The International Community has been urged to include water pollution as high crime against humanity for perpetrators to be prosecuted by International Criminal Court .
This proposal was contained in a statement issued by WACAM, human rights, environmental and mining advocacy non-governmental organisation (NGO) and Centre for Environmental Impact Assessment (CEIA), an environmental NGO, to mark this year’s International Water Day.
The statement urged the Government, earnestly repeal Section 78 of the Minerals and Mining Act (2006), Act 703 which states among others, that; “Subject to obtaining the requisite approvals or licences under the Water Resources Act (1996), Act 552, a holder of a mineral right may, for purposes of or ancillary to the mineral operations, divert, obtain, impound, convey and use water from a river, streams, underground reservoir or water courses within the land, the subject of mineral right’.
“In our opinion this provision facilitates the pollution of water bodies in mining communities in Ghana,’’ the statement said.
It called on Ghanaians to respect Article 41 (k) of the 1992 Constitution of the Republic of Ghana which states; “It is the duty of every citizen to safeguard and protect the environment. That we should refrain from activities that pollute our water bodies.”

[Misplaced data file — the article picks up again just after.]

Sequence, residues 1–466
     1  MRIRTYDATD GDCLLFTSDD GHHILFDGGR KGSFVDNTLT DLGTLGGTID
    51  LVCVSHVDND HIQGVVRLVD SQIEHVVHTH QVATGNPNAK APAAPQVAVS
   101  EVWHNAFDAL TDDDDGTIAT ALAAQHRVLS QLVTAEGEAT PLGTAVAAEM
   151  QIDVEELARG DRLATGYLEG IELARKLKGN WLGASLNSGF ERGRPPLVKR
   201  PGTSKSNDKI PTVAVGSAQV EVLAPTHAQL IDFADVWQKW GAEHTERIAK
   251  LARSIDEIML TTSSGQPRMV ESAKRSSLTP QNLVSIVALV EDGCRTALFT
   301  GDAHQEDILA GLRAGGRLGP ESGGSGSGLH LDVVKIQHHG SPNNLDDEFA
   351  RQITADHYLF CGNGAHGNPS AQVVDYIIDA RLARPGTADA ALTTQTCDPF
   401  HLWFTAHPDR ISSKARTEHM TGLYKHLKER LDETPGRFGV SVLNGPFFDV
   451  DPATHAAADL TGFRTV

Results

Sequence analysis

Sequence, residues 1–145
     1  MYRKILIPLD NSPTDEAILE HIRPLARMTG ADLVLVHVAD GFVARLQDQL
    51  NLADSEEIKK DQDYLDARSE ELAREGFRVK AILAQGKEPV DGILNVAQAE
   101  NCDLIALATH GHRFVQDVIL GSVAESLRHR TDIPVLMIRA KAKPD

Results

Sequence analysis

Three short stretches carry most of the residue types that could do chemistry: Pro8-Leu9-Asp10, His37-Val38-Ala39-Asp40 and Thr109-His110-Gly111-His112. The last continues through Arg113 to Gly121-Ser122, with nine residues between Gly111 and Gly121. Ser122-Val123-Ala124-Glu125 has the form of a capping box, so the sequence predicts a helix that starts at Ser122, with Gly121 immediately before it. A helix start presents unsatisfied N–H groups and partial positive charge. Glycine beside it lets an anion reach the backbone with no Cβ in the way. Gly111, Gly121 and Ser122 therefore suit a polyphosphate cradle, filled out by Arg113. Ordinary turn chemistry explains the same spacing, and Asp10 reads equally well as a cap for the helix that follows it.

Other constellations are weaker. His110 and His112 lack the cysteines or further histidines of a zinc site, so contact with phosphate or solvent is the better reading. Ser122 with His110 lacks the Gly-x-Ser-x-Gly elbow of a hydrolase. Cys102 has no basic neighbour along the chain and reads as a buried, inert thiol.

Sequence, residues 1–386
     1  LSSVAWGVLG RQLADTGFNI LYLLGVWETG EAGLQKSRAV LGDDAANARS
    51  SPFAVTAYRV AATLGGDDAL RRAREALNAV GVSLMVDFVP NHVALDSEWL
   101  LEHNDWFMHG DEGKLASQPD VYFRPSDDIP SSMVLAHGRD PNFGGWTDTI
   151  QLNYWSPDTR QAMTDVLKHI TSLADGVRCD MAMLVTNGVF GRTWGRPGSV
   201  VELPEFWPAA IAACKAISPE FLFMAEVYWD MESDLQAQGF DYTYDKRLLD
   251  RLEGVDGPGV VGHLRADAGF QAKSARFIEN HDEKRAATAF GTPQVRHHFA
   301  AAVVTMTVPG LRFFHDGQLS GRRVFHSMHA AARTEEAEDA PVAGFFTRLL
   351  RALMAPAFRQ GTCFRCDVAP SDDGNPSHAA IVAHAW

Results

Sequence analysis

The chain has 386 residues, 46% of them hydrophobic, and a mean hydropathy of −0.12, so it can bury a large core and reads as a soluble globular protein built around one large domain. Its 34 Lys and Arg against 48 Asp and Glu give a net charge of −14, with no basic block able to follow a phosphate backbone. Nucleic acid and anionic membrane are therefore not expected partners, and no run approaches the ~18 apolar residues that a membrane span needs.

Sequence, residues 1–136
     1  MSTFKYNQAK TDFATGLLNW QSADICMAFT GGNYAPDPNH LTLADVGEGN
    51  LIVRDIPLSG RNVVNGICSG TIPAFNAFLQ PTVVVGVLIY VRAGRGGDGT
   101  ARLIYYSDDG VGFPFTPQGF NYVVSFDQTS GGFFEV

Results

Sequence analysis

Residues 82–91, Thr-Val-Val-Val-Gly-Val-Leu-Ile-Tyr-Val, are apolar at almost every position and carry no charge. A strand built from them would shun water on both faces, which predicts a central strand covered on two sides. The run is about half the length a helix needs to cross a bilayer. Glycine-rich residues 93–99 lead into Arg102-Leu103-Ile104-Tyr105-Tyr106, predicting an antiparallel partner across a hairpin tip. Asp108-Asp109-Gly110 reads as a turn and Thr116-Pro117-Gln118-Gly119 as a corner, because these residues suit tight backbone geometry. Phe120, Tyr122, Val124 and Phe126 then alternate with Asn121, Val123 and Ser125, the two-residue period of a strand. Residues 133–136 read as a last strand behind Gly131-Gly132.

It said: “Beyond meeting basic human needs, water bodies contribute to sustainable development in a number of important ways and it is enshrined as Goal Six in the Sustainable Development Agenda,” adding that Ghana was among 12 countries in Africa projected to face water scarcity.
The statement pointed out current pollution of rivers Offin, Tano, Ankobra and Birim as an indication of the enormity of the problem and urged the stoppage of mining, logging and farming along the banks of water bodies and in protected forest reserves.
The global theme for this year’s World Water Day is: “Why Waste Water’’ but Ghana chose the theme; “Water and Waste Water,” which incidentally has been the core advocacy agenda of CEIA and WACAM over the years.
A study commissioned by WACAM and conducted by CEIA in 2009 indicated that water bodies in Tarkwa and Obuasi were polluted with high levels of heavy metals such as arsenic, cadmium, mercury and lead.